You and your paper haven’t seen each other in three weeks, but when you walk into class that day, you know there’s no escape: Essays are being handed back, and you’re face to face with a piece of writing you thought had been stapled up and finished with a long time ago. You decide to give it a skim, and boom — the first thing you notice is the typo in the third line. Two careless “the’s” buried in the second paragraph. A sentence that runs on … and on … and on.
Your mind is plagued with would’ves, should’ves and could’ves — but it’s all too late. How could this have happened? You had read the essay passionately five times over at least (well, thoroughly the first two, but skimming the last three) before printing it out and turning it in proudly. You even thought it was pretty good, considering you wrote a good part of it the night before, but still — three weeks later, the simplest of errors seem to glare back at you. What made them so hidden from sight before? How could even the writer, the one whom each handpicked word is most dear to, be so blind to her own mistakes?
I may not be a guru, but as a copy editor who has often pondered the existential question of why newsrooms couldn’t just train their reporters with an AP Stylebook boot camp and be rid of the copy desk completely, I have come to realize something that you, as a writer, probably know deep down: Your writing needs to see other people.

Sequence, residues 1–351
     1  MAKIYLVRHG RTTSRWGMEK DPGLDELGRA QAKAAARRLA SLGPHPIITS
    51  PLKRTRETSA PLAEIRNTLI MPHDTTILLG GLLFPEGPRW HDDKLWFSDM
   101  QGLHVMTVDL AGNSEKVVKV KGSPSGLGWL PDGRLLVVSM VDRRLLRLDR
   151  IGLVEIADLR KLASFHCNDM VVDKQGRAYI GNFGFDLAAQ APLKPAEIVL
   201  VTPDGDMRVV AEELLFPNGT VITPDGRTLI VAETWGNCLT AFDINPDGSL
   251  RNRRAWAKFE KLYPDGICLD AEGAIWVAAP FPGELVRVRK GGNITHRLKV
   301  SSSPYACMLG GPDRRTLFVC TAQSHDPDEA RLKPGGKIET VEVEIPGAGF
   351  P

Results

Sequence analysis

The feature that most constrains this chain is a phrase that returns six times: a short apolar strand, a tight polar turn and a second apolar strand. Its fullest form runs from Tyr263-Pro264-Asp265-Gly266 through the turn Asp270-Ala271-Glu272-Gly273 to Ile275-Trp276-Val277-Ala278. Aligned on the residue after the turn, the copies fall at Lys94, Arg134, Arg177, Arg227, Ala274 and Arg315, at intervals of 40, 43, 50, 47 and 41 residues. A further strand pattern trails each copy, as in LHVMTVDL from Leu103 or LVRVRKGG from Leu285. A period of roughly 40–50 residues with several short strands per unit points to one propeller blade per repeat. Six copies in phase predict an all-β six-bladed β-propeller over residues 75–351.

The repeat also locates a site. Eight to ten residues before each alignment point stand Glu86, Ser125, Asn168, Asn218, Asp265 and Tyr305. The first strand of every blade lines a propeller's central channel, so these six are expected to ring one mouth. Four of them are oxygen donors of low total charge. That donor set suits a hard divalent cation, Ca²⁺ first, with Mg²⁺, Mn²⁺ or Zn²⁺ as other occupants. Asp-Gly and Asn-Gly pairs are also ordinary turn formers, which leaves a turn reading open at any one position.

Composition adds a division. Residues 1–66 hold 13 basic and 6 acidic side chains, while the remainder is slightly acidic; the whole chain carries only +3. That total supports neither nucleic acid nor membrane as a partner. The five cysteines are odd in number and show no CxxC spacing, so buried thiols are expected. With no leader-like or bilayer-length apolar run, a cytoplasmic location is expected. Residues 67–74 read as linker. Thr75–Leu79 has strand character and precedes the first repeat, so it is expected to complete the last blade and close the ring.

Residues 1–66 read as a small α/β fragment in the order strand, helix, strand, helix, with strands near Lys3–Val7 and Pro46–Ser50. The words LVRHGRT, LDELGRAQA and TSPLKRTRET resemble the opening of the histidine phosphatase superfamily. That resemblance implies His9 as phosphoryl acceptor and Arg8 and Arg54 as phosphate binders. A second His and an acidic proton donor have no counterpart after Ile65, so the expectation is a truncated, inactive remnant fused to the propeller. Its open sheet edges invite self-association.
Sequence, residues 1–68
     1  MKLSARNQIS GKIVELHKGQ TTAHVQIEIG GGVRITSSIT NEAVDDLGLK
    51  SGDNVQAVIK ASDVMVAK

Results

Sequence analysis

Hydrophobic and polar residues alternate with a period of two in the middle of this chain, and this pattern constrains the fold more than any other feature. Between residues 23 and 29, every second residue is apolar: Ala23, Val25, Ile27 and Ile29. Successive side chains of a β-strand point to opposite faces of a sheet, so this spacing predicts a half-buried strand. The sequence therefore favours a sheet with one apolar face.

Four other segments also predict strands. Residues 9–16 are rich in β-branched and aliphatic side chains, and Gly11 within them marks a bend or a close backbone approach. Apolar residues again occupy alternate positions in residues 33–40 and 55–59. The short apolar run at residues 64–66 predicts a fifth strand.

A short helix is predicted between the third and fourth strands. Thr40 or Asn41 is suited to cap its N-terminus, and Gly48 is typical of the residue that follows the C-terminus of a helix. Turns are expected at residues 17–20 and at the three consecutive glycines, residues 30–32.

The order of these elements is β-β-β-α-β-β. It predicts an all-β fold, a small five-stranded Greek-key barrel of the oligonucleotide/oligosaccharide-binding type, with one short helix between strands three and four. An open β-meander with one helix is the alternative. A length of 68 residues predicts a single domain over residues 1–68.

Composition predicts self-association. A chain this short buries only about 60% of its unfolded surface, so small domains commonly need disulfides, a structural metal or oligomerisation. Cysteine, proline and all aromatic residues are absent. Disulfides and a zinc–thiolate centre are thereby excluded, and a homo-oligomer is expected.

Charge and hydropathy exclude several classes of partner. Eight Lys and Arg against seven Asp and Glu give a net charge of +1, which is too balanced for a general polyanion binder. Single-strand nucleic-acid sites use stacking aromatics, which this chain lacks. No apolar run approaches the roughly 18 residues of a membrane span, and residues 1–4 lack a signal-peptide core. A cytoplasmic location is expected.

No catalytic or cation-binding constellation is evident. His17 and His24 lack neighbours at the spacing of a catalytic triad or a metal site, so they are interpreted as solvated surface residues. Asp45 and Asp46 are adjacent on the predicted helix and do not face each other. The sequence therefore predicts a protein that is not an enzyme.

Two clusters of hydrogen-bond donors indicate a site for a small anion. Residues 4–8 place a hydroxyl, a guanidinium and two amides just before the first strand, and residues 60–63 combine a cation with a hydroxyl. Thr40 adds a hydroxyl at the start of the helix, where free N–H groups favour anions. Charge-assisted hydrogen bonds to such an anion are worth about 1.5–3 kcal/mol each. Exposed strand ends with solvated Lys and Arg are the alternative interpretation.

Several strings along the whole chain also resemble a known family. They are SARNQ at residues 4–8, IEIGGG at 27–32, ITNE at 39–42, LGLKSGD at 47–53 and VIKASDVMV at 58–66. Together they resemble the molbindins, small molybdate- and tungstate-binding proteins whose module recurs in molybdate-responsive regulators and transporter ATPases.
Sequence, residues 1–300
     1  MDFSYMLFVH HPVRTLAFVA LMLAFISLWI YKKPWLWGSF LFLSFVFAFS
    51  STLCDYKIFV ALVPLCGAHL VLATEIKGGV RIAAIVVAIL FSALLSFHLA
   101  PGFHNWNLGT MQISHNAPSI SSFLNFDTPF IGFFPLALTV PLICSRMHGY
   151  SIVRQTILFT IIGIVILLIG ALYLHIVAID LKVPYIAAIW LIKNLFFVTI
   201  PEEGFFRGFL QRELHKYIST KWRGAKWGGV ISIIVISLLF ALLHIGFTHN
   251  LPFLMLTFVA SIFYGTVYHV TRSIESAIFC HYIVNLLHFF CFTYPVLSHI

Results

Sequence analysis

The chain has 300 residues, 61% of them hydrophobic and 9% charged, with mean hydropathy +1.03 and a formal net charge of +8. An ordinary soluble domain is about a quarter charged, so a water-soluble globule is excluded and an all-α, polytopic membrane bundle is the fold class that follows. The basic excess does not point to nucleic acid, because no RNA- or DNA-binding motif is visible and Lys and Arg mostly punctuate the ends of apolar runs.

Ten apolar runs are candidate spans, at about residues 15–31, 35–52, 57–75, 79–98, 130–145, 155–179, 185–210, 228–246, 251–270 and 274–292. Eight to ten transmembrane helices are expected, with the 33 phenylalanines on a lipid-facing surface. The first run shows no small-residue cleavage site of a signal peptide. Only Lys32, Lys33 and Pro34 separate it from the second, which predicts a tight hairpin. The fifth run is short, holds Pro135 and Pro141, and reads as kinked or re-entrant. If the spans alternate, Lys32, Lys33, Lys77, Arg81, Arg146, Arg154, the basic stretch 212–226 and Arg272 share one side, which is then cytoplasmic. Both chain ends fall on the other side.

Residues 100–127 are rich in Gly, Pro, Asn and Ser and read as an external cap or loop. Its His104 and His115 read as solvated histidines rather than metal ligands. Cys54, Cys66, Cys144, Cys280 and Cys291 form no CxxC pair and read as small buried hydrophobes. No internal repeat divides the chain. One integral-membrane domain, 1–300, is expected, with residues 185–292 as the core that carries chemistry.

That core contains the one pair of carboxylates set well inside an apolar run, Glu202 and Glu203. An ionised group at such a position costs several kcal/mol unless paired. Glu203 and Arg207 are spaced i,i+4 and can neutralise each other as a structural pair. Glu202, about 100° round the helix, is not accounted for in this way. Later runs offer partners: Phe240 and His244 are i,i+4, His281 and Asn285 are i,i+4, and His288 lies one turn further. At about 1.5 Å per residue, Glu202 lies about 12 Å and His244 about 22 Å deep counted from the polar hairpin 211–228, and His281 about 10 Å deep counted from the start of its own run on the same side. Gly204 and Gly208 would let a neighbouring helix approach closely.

Research has shown that the more familiar you are with a piece of writing, the harder it is to catch easy mistakes — so what starts as well-intentioned proofreading often becomes the glossing over of the same letters and words you’ve seen all too many times. For readers experiencing your piece of writing for the first time, however, each word is a necessary constituent of understanding your main concepts as a whole — which is why they’re much more likely to catch the little things you overlook. In other words, I’m sorry; it’s not your writing — it’s you.
If you do earnestly want to change your ways and repent all the neglect you’ve shown in your editing process, though, there are ways you can become a better proofreader — just spice things up a bit. Go on a first date with your writing again by dressing things up in a new color and font, or comb through a paragraph for typos by reading it backward from last word to first. Even reading your lines out loud makes a difference in defamiliarizing your own writing. But if all else fails, it might be best to accept that someone else is better off editing your writing than you are. So use whatever lines you need to; say that you’re just not ready, that you need some space or that things just aren’t working out.
Or, of course, on the rare occurrence that you aren’t on a time crunch, there’s never any shame in going on a break.
Contact Mikaela Luke at [email protected].